According to the U.S. Census Bureau, 57 percent of men ages 18 to 24 and 47 percent of women those ages lived at home in 2004.
That year, 14 percent of men ages 25 to 34 lived at home, whereas 8 percent of women that age did. Both sets of numbers include unmarried adult children living in dorms.
At what age an adult child moves out depends on what the child is doing, says Stacey Black, a clinical social worker with Washington County Hospital's Behavioral Health Services.
If the child is still in school or has just started his or her first real job and is saving money to move out, those are motivating reasons to stay home, Black says, "because they're not in a financial situation to be alone yet."
To keep the situation from ballooning into one in which the child never leaves, leading to tension among family members, Black recommends setting a moving-out date for the child - after six months, for example, for a child who has just entered the work force. That provides time to save for a security deposit, she says.
Black also recommends charging a working adult child rent, even if it's only $25 a month.
The adult child might need to reprioritize spending, buying less beer or other recreational supplies, but it means he or she is helping to pay for the household expenses consumed, Black says.
Living at home
Rachel Shusterman, 23, of Keedysville, is living with her parents because she's a single parent attending classes full time at HCC, where her son attends preschool.
Living at home helps keep her expenses down. It also allows her to save what she can so she and her son can have their own place when she finishes school, which will probably be in another year or two.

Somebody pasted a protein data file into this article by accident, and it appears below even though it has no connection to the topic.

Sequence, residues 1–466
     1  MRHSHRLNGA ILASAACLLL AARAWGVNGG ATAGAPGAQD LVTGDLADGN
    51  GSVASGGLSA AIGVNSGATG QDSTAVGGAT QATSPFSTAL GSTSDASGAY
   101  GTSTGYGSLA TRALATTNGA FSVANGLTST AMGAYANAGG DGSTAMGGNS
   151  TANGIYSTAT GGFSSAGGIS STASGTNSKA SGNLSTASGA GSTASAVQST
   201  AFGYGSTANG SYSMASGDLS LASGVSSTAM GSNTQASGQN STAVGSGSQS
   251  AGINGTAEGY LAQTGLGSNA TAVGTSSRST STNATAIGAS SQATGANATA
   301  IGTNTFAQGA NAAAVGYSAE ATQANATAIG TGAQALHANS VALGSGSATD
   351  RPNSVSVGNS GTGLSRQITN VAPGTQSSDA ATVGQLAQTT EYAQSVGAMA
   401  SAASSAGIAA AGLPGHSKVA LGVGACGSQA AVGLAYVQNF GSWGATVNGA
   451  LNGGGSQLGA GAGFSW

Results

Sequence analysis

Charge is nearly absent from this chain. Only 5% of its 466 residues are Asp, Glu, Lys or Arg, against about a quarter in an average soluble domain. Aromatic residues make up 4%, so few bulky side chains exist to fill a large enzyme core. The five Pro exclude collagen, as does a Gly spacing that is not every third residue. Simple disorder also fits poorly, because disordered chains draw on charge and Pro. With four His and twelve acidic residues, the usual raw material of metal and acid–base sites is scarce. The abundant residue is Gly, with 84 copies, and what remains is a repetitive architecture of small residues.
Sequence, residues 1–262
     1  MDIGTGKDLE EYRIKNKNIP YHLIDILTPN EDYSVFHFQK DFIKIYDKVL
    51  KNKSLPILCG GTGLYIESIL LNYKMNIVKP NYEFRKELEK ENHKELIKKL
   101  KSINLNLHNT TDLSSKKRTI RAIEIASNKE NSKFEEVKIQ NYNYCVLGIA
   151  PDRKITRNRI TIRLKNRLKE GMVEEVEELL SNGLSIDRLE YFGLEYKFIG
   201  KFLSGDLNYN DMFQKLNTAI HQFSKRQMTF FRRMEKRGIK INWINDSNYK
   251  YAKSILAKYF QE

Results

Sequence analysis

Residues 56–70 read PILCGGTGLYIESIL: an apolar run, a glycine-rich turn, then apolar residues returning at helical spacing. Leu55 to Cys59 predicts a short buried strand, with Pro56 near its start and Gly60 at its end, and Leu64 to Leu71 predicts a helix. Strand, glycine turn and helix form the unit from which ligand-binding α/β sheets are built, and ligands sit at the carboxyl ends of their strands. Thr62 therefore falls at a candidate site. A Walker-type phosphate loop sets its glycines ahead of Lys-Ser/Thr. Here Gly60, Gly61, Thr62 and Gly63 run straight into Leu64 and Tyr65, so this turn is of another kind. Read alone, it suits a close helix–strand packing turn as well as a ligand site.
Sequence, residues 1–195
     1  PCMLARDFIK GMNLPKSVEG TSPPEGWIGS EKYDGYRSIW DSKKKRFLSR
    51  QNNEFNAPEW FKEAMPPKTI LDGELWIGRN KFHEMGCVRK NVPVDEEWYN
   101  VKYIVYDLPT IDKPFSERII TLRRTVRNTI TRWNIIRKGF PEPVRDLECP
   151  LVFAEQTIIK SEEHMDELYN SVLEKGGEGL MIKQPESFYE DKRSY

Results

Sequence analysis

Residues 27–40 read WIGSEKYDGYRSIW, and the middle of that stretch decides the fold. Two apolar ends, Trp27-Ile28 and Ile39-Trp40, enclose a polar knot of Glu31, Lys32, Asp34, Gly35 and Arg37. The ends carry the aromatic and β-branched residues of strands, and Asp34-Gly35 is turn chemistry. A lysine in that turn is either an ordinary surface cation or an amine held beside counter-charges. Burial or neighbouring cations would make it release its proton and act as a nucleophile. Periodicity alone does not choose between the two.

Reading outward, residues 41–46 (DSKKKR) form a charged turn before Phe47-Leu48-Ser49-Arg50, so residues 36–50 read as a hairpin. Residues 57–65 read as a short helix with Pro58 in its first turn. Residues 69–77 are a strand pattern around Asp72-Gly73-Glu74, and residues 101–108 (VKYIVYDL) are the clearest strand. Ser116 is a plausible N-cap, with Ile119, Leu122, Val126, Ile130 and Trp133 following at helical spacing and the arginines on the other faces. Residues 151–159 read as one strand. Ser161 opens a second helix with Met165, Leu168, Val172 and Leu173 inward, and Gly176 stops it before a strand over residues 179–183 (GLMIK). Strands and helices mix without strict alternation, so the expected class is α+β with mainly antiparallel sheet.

Shusterman says she moved out once, living for about four months with her boyfriend and their newborn.
"It was hard with the new baby," she says.
Shusterman says most of her friends still live at home, either because housing is too expensive or they aren't mature enough to leave home yet.
Ryan Jenkins, 19, is saving his summer job earnings so when he graduates he can maintain the apartment-living lifestyle he's enjoying currently on his parents' tab.
Jenkins moved to Hagerstown and into his own place when he accepted a track scholarship at HCC because his parents live in Preston on the Eastern Shore.
He likes the feeling of independence.
Ryan Henry, 19, would like the privacy having his own place would bring. For now, the New Jersey native is living with HCC basketball teammate Dustin Jenkins and Jenkins' father in Hagerstown.
"It's easier, money-wise. It's hard to go to college and work and support yourself," says Henry, who isn't currently working.
Dustin Jenkins, 19, and Henry say they each plan to transfer to four-year colleges and want to get their own places once they've graduated.
They plan to start saving their summer job money for apartments, something they haven't been doing.
Jenkins has been spending it on "whatever" and Henry's purchases included a pair of black Air Jordans he refers to as "Jays" that cost about $150.
Tim Adams could buy a pair of snazzy sneakers, but has chosen instead to pay his bills and save for a place of his own.
While he lives at home, he pays his mom $200 a month for his cell phone and car insurance. That leaves about $40 for laundry and food.
"He eats more than $40," mom says. "He is saving." He pays for his car, gas, tuition, books and other personal expenses, she says.
Tim Adams also is saving some of his earnings in hopes that after transferring to a four-year college and graduating he'll be able to make a down payment on a house or sign a lease for an apartment.
Living at home isn't that bad, he says.
"When it's rough, when you're in rough times, your family is always there to back you up," he says.
But, there are still times he wishes he lived on his own now, so he'd have more personal space and privacy. His mother agrees.
"It's time. As much as I'll miss him, you know, I want him to experience life," Lynnette Adams says.